Today, I give myself the right to see me as He does - and agree.
I will hereforthwith recognize and find joy in my God-given talents and strengths without apology or dismissiveness.
I do not stand with the world and judge myself.
Today, I choose to stand with God and tell the world (Media Gods) to take a hike. 
Today, I love myself.
Today I am free.


Life Outside the Writer's Closet

I remember when I came out of the writer's closet. It was scary.

I had been working on my first fiction novel for a couple years. I had kept my writing to myself, only letting a handful of people know what I was doing. I was afraid to tell people I was writing because, well, first of all, what made me think I had something so great to say that I thought other people should pay to read it? And, what if I were really bad? I mean, I thought I was okay, but, what if I was a bad writer? I loved writing, and I was afraid I would be told I simply shouldn't do it.

So I was a closet writer. It was safe. And then I attended a writer's retreat. It was there that I met other writers. Some were published, some weren't, but all shared this love of writing that I felt inside. It was eye-opening and liberating. I realized there was a world of people and things waiting outside of my closet.

Soon after I returned home, before I even finished the first draft, I decided to take the plunge- to come out of my writer's closet and announce to the world that "I am a writer."

It was scary because, well, as a closet writer if I failed I failed in private. Out there in the world, if I fail, I might (notice how I didn't say will) fail in front of lots of people. And no one wants to do that. But, among the many things I learned at the writer's retreat was without risk, there is little reward in the writing world. And part of the risk is putting yourself out there. So, I waited until I was filled up with chocolate, and in the middle of the night last year, I left the safety of my closet and entered the scary world of self-promotion and marketing, and created an 'Author Facebook Account' and started friending people.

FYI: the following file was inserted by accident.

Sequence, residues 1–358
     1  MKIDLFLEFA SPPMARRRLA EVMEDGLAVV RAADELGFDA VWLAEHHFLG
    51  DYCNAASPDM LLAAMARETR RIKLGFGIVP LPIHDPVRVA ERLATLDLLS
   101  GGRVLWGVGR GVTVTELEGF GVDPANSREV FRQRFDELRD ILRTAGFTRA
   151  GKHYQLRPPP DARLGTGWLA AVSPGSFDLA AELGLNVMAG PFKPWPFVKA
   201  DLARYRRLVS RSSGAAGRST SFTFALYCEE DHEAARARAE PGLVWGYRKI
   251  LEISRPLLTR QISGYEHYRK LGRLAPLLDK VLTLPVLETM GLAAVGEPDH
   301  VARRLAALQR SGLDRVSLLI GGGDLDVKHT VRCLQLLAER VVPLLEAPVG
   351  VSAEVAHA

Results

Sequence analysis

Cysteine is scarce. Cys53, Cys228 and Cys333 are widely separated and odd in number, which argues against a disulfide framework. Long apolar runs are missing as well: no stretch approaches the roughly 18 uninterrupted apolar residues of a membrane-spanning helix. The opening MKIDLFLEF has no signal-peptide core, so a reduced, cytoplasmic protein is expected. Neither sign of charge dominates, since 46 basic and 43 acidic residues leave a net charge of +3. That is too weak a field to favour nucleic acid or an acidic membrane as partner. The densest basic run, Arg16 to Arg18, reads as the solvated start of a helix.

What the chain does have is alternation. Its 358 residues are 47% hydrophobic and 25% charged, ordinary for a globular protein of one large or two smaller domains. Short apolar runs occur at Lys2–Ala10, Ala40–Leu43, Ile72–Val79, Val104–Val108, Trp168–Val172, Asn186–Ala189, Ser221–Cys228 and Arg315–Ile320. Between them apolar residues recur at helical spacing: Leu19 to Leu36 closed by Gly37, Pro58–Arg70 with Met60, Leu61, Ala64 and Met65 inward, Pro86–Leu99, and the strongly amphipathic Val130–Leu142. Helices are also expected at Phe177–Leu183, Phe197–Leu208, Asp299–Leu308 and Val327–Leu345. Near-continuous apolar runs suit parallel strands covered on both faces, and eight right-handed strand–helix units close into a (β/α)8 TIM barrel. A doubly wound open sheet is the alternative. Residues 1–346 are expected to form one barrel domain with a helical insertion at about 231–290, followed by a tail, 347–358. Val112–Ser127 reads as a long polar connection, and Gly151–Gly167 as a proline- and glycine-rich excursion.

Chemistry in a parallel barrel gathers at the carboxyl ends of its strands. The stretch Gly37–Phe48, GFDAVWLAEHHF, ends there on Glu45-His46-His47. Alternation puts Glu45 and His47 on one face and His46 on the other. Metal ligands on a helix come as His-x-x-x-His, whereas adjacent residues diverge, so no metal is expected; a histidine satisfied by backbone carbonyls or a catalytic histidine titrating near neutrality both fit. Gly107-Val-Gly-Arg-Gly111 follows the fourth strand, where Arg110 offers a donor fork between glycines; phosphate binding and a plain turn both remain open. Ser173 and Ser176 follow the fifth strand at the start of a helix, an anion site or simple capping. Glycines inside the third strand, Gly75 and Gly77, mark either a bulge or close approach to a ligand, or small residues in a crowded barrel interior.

And guess what. People didn't laugh at me. In fact, the tremendous amount of support I received from old friends gave me the courage to make new friends and put myself out there more.

I created an 'Author FB Fan Page' and an 'Author Twitter Account,' too.

I joined a wonderful online writer's group, and attended my first writer's conference in February of this year, then another in May. I survived pitch sessions, took classes, and met lots and lots of amazing people.

I created my own website (this one), and even printed up business cards to pass around.

I didn't just come out of my writer's closet; looking back, it seems more like I slammed the door open and jumped out of the closet with ninja-speed. It's been an amazing journey since my closet liberation! No, I'm not published (yet) but I am better educated, more confident, and having a blast.

Some writers I've met along the way dread the marketing thing--the FB pages and accounts, Twitter and websites. Yes, it can be intimidating and even overwhelming. But, it is necessary.

During one of the classes at my first writer's conference, a publisher said, "The first thing we do when we get an unsolicited manuscript--even before we read it--is Google the author. If we can't find you on Google, there's a good chance we won't read your manuscript."

What! I know, right?

That's not the only reason to get your and your name out there, though. Through this whole experience, I have met some amazing and inspiring people--many of whom have become dear friends. I came blasting out of the writer's closet, and my life is better for it. I'd like to think that I am better for it, too.